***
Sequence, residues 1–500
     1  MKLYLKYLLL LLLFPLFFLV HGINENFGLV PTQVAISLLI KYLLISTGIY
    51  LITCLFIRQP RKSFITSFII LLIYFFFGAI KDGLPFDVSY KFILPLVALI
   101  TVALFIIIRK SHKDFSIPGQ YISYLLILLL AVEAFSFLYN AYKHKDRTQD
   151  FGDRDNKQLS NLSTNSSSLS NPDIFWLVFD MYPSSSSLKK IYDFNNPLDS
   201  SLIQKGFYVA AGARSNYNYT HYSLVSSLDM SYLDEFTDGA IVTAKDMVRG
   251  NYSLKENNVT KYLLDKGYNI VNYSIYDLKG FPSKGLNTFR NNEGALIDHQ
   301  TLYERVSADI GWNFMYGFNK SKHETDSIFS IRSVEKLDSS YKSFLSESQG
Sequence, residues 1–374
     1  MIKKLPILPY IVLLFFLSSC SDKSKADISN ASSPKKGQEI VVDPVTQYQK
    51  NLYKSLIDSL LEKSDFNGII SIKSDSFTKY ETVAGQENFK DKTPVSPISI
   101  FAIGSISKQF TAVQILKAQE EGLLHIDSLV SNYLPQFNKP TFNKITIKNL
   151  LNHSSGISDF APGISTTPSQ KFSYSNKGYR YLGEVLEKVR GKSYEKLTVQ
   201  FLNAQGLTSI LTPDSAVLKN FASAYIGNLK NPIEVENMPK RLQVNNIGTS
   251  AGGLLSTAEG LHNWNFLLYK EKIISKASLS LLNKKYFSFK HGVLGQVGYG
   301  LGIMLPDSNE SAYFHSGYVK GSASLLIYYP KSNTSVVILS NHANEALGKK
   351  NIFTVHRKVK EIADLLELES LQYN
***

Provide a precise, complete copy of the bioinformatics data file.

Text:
Sequence, residues 1–500
     1  MKLYLKYLLL LLLFPLFFLV HGINENFGLV PTQVAISLLI KYLLISTGIY
    51  LITCLFIRQP RKSFITSFII LLIYFFFGAI KDGLPFDVSY KFILPLVALI
   101  TVALFIIIRK SHKDFSIPGQ YISYLLILLL AVEAFSFLYN AYKHKDRTQD
   151  FGDRDNKQLS NLSTNSSSLS NPDIFWLVFD MYPSSSSLKK IYDFNNPLDS
   201  SLIQKGFYVA AGARSNYNYT HYSLVSSLDM SYLDEFTDGA IVTAKDMVRG
   251  NYSLKENNVT KYLLDKGYNI VNYSIYDLKG FPSKGLNTFR NNEGALIDHQ
   301  TLYERVSADI GWNFMYGFNK SKHETDSIFS IRSVEKLDSS YKSFLSESQG
Sequence, residues 1–374
     1  MIKKLPILPY IVLLFFLSSC SDKSKADISN ASSPKKGQEI VVDPVTQYQK
    51  NLYKSLIDSL LEKSDFNGII SIKSDSFTKY ETVAGQENFK DKTPVSPISI
   101  FAIGSISKQF TAVQILKAQE EGLLHIDSLV SNYLPQFNKP TFNKITIKNL
   151  LNHSSGISDF APGISTTPSQ KFSYSNKGYR YLGEVLEKVR GKSYEKLTVQ
   201  FLNAQGLTSI LTPDSAVLKN FASAYIGNLK NPIEVENMPK RLQVNNIGTS
   251  AGGLLSTAEG LHNWNFLLYK EKIISKASLS LLNKKYFSFK HGVLGQVGYG
   301  LGIMLPDSNE SAYFHSGYVK GSASLLIYYP KSNTSVVILS NHANEALGKK
   351  NIFTVHRKVK EIADLLELES LQYN